First-time use of drone by Moroccan army highlights Polisario’s vulnerability
RABAT – In an unprecedented operation, the Royal Moroccan Armed Forces halted an attempt by members of the Polisario Front to infiltrate Morocco’s sand wall in the east of the Western Sahara region.
The operation ended with the killing of the Polisario’s so-called gendarmerie chief, Addah al-Bendi, after a Moroccan drone strike against a group of key Polisario figures that included the the front leader and several senior aides.
Mustapha Ould Sidi Mouloud, a former security official in the Polisario, confirmed that the leader of the front, Ibrahim Ghali, survived the strike and that his wireless communication aide was seriously injured.
This is likely to be the first time that the Moroccan army has carried out a lethal drone strike during its decades-old struggle against the separatist front.
Morocco’s army has never officially disclosed its possession of drones.
The “FAR-Maroc” forum, an unofficial Facebook page of the Moroccan armed forces, said that “after a meticulous intelligence and military operation, the Royal Armed Forces monitored and tracked suspicious movements inside the buffer zones by Polisario leaders, including the leader of the terrorist organisation and a group of his senior associates.”
The social media page, whose information is often accurate, added that the strike “resulted in the killing of several leading elements, including the leader of the so-called gendarmerie in the terrorist organisation while Ibrahim Ghali, secretary-general of the Polisario Front, managed to escape.”
Morocco uses two satellites, “Mohammed VI A-B”, to monitor and track all the movements of the separatist group east of the separation wall in the Sahara.
These two satellites are equipped with sophisticated technology, which enables drones to accurately pinpoint any movement by the Polisario group.
Morocco’s representative at the United Nations, Omar Helale, has confirmed in the past that “the kingdom is now able to track the movements of the separatists and update the United Nations Secretariat in a timely manner and provide it with satellite images”, adding that this allows “us to put pressure on the Polisario separatists, whose movements and manoeuvres we monitor and denounce.”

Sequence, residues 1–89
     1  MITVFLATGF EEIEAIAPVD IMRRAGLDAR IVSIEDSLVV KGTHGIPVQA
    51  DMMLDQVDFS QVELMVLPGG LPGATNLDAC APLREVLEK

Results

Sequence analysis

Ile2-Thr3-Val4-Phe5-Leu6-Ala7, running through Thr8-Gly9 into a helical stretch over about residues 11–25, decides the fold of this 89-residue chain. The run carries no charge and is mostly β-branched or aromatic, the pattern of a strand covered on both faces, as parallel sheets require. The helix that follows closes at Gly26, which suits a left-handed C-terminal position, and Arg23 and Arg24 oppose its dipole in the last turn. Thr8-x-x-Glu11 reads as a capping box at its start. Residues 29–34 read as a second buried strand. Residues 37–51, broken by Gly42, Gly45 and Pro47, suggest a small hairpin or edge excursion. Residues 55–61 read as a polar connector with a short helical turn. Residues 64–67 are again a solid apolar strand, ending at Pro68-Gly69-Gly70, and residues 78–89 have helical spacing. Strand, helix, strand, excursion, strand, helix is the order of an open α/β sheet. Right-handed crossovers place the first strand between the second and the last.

Analysts believe that Morocco’s use of a drone in the attack against a Polisario target constitutes a qualitative development in military operations that will enable it in the future to exert control over areas that have been used by the Polisario to carry out its attacks.
The reliance on drones is likely to deal a devastating blow to the Polisario which pursues hit-and-run tactics, as their units are now within direct reach of the Moroccan air force.
Moroccan-Canadian political analyst and academic Hichem Moatad said the use of a drone to target Polisario leaders reflects the strong determination of the Moroccan defence establishment and its ability to upgrade its performance to the level of new military technologies in order to maintain its qualitative edge.
Some military strategists speculated that the Moroccan air force used an American MQ-9 drone to carry out its strike, while others asserted that the purchase of four such drones is still in the stage of technical assessment and is yet to be finalised.
Rabat relies on multiple suppliers, including China and the United States, to develop its land, air and sea defence arsenal.
It is expected to complete a new deal with China for the purchase of Wing Loong unmanned aerial vehicles (UAVs) that are used for surveillance and aerial reconnaissance missions but can also be fitted with a variety of weapons that enable it to perform combat operations efficiently.
Moatadad told The Arab Weekly that despite Morocco’s commitment to the cease-fire, the attempts of the separatist front to carry out military operations against Moroccan military targets entitle Rabat to the internationally guaranteed right of self defence in order to safeguard its territorial integrity and remove any threat to its national security.
The targeted strike comes in the midst of preparations for joint military exercises scheduled for next June, between the United States and Morocco, as part of the AFRICOM’s annual “African Lion” exercises.